Following an evacuation from the USIS post in Coquilhatville in the northwest Congo, Fred Hunter agitated to return. The embassy finally agreed that he could go back. Here’s his further account of what happened when he did:
Having put in a good morning’s work, Jules is pleased at lunch. With himself. With the presence of company. With having shown Cabiaux and Herman that he was working while they were worrying. “What’s Fret going to drink?” he asks as I come in. “Un petit whiskey?”
“Un petit gin-tonic Michejda,” I answer. It’s my usual request, a code phrase devised by the now-departed Polish Dr. Michejda who was uncomfortable having someone ask for a soft drink in his house.
Jules pours “un petit whiskey” and sets it before me. Then he brings my usual Pepsi-Cola and with a playful smile takes the little whiskey for himself and raises it to me. “A votre santé, Fret.”
“A la vôtre.”
Jules, who loves his tranquility, settles into his chair. Ah! He has been savoring the life he can now permit himself to lead. Thérèse and the children are safe. They have been away so short a time that their absence is still a vacation. A bachelor now, Jules is more talkative than usual. He thanks me again for the color film I gave him just before evacuating. As a surprise for Thérèse, he has spent one long evening photographing her paintings. It was obviously fun for him, the camera challenging his technical side, the task allowing him to be with her even while she was gone. He recounts it now in a rush of words and gestures. He shows me the camera, the settings he used, where he placed the paintings, how he lit them, even how and where he stood to press the shutter.
“When I think of the progress Thérèse has made,” I say, ‘it’s really amazing.”
He mutters his agreement, still the technician absorbed in the mechanism of the camera.
I’m amused because we’re talking about different things. I’m thinking of Thérèse’s progress in technique, progress that extends from those crude Bikoro sketches that Ron Sallade and I shook our heads about to the oil that somehow for me caught the real essence of Coq. For Jules it all seems largely something technical, a record for a record’s sake, like a secretary’s fascination with orderly files. Then he looks up from the camera. “I wanted to have a record of it,” he says and I realize he is preserving something he has seen in a Thérèse I’ll never know.
Loka, the only houseboy now, serves lunch and disappears, leaving dinner on the stove. We go to the table. “Your place has been changed,” Jules notes and I take Thérèse’s usual place facing the windows. We talk of the river. And of the dredge which scoops sand from the river shallows for the bricks that Jules and Pierre Bogaerts manufacture. It is working again. We touch on the news, but veer away from it quickly. Its presence casts a heaviness over the meal. Underneath his surface ebullience – which he tries to maintain – Jules is much concerned. At one point he says: “You know, Fret, if things turn out badly, there is a place for you in the canot.”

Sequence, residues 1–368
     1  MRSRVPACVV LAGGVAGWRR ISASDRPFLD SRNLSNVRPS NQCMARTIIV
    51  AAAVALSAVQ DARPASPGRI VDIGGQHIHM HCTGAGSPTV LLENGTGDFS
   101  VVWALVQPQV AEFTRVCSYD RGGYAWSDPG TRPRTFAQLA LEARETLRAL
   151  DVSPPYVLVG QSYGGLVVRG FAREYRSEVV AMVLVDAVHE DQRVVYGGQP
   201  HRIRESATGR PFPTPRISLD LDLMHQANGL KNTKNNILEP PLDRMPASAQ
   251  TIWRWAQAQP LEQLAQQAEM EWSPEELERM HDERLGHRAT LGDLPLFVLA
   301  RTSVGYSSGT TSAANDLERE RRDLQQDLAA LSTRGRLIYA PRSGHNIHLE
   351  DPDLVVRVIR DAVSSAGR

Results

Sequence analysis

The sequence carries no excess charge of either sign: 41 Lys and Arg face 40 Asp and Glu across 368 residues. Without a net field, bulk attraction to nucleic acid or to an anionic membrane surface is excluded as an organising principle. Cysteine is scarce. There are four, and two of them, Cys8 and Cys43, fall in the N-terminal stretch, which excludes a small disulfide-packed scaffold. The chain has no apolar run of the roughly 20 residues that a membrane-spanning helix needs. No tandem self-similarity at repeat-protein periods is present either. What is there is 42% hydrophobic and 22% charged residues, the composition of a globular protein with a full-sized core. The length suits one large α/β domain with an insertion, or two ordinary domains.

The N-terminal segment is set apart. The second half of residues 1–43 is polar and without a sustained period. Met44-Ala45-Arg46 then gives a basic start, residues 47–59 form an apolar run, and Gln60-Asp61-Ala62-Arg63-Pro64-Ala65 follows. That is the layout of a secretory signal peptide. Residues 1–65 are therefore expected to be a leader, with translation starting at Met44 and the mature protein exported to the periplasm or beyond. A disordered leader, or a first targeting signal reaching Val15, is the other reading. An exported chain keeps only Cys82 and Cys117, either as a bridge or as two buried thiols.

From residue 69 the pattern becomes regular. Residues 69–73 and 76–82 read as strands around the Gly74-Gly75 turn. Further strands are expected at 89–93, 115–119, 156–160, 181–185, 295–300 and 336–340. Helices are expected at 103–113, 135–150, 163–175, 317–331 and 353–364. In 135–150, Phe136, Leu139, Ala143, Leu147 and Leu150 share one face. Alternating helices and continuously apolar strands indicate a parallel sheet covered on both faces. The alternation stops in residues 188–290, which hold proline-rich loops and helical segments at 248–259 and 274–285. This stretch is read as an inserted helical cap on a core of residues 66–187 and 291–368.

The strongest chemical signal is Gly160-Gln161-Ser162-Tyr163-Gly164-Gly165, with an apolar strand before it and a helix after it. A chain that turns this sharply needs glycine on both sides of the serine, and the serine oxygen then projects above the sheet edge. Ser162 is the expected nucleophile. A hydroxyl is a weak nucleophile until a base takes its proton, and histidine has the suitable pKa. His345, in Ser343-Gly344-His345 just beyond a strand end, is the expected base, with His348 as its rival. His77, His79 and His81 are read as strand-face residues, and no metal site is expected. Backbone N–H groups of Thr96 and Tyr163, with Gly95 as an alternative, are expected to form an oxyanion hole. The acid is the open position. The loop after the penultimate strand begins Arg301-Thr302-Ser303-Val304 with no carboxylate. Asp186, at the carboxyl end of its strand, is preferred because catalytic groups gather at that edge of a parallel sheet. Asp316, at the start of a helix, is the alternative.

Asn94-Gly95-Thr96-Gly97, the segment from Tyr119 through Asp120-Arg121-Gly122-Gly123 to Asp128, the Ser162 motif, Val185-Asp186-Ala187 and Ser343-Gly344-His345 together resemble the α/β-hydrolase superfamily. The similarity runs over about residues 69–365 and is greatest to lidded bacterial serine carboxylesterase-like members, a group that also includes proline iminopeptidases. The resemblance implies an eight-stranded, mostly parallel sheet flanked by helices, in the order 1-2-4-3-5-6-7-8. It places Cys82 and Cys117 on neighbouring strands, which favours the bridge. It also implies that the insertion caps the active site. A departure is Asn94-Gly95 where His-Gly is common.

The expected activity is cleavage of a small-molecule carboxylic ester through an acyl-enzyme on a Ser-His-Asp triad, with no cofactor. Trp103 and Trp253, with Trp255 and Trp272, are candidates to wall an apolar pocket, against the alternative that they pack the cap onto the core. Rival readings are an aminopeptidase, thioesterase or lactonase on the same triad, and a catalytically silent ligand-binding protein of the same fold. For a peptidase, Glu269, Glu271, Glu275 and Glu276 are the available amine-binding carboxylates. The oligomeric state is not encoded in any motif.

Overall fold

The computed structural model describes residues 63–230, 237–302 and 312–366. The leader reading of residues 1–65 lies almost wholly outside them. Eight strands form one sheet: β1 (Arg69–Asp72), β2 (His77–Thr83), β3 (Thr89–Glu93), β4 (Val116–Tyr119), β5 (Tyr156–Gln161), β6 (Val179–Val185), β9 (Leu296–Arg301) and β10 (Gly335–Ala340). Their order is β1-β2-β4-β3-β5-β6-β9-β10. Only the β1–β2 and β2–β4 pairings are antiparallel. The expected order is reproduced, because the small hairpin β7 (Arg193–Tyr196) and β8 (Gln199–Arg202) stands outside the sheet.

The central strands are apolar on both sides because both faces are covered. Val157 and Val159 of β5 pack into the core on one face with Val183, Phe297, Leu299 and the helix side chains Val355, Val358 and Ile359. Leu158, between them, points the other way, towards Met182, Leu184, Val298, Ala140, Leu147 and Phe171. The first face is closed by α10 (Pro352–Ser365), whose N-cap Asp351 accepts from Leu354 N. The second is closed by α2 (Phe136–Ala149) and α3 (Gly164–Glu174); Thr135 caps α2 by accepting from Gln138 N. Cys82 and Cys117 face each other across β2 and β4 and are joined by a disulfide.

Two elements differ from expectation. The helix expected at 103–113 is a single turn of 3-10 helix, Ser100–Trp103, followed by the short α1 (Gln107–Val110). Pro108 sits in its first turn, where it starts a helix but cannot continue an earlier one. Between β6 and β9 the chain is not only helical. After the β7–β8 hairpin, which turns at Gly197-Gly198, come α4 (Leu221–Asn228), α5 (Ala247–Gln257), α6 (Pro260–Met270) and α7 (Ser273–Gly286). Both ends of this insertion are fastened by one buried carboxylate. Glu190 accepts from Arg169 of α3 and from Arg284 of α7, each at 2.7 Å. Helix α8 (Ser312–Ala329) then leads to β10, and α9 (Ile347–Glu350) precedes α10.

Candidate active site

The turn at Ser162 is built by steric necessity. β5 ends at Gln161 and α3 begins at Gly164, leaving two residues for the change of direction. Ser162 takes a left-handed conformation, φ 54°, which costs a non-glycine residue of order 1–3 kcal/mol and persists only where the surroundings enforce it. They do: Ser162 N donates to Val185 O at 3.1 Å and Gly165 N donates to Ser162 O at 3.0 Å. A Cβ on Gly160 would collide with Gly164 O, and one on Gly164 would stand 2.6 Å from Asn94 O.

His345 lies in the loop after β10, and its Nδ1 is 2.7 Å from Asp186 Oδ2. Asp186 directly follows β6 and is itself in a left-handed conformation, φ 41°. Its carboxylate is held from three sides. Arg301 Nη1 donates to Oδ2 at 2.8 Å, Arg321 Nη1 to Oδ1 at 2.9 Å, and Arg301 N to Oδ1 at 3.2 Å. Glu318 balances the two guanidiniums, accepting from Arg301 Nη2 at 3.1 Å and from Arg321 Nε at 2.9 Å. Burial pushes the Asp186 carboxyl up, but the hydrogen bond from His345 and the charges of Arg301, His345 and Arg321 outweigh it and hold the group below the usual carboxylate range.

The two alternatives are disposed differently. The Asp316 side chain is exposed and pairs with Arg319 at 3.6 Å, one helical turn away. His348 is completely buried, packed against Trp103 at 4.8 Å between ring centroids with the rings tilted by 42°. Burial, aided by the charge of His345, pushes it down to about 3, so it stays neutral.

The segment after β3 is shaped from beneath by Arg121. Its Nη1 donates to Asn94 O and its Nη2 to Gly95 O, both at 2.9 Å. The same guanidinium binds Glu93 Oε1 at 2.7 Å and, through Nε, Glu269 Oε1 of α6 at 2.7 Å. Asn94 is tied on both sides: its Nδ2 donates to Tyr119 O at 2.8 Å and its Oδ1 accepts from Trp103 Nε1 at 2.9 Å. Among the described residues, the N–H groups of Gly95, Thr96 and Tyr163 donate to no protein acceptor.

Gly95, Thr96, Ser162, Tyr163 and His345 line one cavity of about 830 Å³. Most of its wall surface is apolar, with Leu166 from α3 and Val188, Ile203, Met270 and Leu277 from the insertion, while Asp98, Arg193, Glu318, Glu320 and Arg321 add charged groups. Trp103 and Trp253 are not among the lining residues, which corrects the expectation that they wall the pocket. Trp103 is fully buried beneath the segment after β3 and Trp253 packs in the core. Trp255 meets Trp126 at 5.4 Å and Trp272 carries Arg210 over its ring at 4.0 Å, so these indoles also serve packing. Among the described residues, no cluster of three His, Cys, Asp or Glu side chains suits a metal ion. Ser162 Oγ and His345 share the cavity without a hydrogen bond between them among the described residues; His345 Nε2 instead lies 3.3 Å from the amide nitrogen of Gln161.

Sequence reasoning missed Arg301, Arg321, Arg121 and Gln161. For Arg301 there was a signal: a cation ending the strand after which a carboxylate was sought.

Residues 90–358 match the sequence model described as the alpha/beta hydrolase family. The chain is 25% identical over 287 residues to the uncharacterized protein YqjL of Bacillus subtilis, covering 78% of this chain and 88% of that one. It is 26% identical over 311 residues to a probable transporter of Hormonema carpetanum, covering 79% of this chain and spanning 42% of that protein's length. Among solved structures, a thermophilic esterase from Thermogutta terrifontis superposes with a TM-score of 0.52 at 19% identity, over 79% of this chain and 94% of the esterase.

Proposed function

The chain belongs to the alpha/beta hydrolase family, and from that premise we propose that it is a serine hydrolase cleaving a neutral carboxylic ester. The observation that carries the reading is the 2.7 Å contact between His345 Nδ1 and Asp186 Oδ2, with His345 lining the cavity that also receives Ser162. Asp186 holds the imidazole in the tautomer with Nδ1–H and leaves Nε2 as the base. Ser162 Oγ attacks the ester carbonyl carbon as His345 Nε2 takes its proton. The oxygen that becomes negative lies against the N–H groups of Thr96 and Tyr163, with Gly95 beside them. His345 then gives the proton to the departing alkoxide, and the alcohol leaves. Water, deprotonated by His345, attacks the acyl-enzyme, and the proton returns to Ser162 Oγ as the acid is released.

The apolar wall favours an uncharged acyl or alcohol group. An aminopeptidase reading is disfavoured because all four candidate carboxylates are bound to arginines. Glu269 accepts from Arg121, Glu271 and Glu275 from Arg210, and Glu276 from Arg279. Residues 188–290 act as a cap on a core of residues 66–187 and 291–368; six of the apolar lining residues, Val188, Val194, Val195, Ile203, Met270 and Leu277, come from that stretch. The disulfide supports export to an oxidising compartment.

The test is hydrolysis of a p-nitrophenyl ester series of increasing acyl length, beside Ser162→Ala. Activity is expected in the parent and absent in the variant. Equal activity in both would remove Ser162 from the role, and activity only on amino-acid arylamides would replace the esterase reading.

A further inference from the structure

“What would I have ever done in the Congo,” I ask, “without you Andrés to get me out of trouble?” We laugh. It is so true!
Later, he mentions again how good it is to have work and gates to work behind. “In 1960,” he tells me once more, “while the others were sitting in bars and running from house to house, I worked and stayed out of sight.”
We fall silent for a time. Jules sits sideways in his chair and follows my eyes out onto the river. It is gray this afternoon under the darkening clouds that gather and drift on now that the rainy season has started. A file of water hyacinth clumps moves by, then a huge mass of them, almost a floating island. We discuss its size and fall silent again.
Finally Jules asks: “Could I send out some of Thérèse’s paintings when the plane that brought you goes back to Leo?”
Of course, I agree. The plane should be returning soon from Boende and will go on almost immediately to Léo. “We can address the package to Madison.”
“Of all the things we have here,” he answers looking around at what there is after a dozen years in the Congo, “those are, I think, what she’d most hate to lose.”
Jules hurries off to choose and wrap the paintings of Thérese he wants sent to Léo on the attache plane. I return to the Center where it is less than 45 minutes before the 2:30 closing hour. The boys and I review the disposition of expensive items of equipment. The stove that arrived for my house remains in the storage garage. Ahenga and N’Djoku have each taken one of the newly-arrived air-conditioners to their homes for “safe-keeping.” (To what extent has our influence made possible this fine example of grass roots democracy?) I tell the boys that the air-conditioners must be back tomorrow. If things grow worse, we will try to send them out via Otraco.
Instruction from Sally Madison: hunt for “an intimate item.” On the way to the airport, I stop by the Madisons’ house to check on things and to undertake the search. (After a year of down-to-earth living in the Congo, “an intimate item” seems a strange name for what Tom explained was a missing brassiere.) As usual Louis greets me, all smiles. He hurries over the gravel on bare feet to unlock the gate, as if my honk had catapulted him out of the kitchen. “Oui, Monsieur,” he grins, “tout va bien.” The house is clean and in good order. But, alas! I cannot find the intimate item. If it was actually forgotten (it would seem to be about the only thing that was), Louis’s woman is now strutting around with it in the market.
Next post: The fall of Boende.
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